The Myth of the Perfect Parent

The Myth of the Perfect Parent

Why faithfulness--not perfection--must be the goal in raising our children.


According to Leslie Leyland Fields in "The Myth of the Perfect Parent," Bible-believing parents have imbibed the philosophy of John B. Watson, an early 20th-century psychologist who boasted he could train any child. Christians often follow the same kind of behaviorism, giving it a Christian veneer with selected Bible verses. And yet many children in evangelical homes are not "turning out" the way we hope or expect. Our expectations of parenting are clearly off-kilter and need to be rethought.

Table of Contents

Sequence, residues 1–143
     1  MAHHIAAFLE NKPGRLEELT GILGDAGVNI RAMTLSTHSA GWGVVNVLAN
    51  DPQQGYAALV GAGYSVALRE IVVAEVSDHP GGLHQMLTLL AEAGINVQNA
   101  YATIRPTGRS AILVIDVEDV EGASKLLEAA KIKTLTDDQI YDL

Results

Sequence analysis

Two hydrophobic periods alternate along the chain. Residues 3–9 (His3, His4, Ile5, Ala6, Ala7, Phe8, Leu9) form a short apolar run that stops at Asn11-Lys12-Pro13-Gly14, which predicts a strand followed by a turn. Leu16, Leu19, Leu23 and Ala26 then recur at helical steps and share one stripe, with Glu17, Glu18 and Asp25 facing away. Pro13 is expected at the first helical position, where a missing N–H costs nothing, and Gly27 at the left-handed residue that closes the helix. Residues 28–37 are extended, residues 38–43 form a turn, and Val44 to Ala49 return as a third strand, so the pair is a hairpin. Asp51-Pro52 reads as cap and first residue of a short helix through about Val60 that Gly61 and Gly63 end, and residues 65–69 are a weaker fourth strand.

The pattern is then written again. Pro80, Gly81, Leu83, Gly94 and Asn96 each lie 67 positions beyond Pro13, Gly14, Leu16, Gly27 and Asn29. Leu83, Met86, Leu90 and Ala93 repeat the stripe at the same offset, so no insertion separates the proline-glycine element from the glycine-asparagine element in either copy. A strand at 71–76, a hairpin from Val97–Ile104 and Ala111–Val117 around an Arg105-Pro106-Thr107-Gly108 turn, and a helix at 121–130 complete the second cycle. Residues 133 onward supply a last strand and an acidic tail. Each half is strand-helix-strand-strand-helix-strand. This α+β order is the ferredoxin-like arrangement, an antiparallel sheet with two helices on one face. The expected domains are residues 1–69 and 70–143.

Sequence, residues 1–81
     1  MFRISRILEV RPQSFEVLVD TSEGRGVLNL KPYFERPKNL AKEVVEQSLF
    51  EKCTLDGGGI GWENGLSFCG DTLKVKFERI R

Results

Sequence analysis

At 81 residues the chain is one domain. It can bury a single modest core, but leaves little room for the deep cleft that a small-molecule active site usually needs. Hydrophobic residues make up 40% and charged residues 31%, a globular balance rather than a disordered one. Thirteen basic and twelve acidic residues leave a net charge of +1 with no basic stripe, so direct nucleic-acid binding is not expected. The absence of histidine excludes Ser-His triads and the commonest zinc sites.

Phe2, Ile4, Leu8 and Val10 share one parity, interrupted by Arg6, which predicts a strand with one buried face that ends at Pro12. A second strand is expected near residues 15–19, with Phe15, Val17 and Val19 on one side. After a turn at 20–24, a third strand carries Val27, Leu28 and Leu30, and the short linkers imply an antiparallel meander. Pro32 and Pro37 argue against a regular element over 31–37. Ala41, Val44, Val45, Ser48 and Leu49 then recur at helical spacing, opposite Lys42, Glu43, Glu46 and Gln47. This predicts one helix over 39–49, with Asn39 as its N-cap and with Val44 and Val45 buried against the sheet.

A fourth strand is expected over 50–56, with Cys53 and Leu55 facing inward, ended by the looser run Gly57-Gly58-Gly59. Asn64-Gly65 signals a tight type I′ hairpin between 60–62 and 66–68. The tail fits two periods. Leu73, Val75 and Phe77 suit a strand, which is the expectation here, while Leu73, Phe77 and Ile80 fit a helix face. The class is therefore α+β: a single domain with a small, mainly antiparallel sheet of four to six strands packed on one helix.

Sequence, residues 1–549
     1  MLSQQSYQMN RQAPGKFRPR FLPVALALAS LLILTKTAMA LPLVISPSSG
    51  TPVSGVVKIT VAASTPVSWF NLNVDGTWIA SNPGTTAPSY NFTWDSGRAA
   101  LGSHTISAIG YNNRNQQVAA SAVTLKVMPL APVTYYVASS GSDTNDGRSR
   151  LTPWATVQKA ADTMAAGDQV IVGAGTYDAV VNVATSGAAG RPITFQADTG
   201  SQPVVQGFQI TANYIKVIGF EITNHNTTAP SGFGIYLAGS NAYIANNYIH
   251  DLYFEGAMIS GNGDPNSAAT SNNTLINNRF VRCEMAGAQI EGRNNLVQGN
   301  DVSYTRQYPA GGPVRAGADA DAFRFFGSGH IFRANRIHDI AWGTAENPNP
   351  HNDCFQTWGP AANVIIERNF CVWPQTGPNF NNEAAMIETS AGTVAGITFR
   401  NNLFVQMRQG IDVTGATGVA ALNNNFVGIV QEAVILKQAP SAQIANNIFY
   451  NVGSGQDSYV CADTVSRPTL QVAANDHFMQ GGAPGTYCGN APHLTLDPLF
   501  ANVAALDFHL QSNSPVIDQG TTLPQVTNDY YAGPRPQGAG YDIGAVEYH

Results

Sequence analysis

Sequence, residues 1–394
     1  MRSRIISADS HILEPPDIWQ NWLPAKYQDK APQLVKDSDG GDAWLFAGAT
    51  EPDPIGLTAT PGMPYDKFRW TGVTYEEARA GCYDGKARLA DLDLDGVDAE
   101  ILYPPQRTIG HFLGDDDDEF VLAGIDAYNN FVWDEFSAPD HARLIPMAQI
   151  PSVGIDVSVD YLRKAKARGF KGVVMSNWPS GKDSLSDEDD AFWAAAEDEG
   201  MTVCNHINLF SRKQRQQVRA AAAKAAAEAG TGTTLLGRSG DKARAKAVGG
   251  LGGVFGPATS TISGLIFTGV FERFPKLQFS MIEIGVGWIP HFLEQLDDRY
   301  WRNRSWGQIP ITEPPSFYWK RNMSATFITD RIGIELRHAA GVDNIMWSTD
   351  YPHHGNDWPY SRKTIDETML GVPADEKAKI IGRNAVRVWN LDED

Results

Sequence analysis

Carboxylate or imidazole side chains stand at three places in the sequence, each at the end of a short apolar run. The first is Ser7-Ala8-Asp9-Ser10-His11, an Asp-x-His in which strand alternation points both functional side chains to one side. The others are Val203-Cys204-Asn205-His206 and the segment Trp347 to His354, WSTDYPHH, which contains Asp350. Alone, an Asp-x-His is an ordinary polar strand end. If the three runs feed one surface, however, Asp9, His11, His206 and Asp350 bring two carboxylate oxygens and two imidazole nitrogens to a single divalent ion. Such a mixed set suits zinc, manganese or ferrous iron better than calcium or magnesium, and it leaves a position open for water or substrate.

SCRIPTURE: Deuteronomy 6:1-9; Ezekiel 2:3-5; 3:8-15; Ephesians 6:1-4; Hebrews 11


• Identify the Current Issue

• Discover the Eternal Principles

Teaching point one: A faithful life is no guarantee of good parenting.

Teaching point two: Faithfulness does not guarantee success-or even happiness.

Teaching point three: We must faithfully teach our children to both love and obey God.

Teaching point four: Raising children requires faithful obedience from children and parents.

• Apply Your Findings

• Recommended Resources


The Myth of the Perfect Parent, by Leslie Leyland Fields (2010)

Total number of pages6

  • Acrobat PDF Document
  • SMG-BS0230-D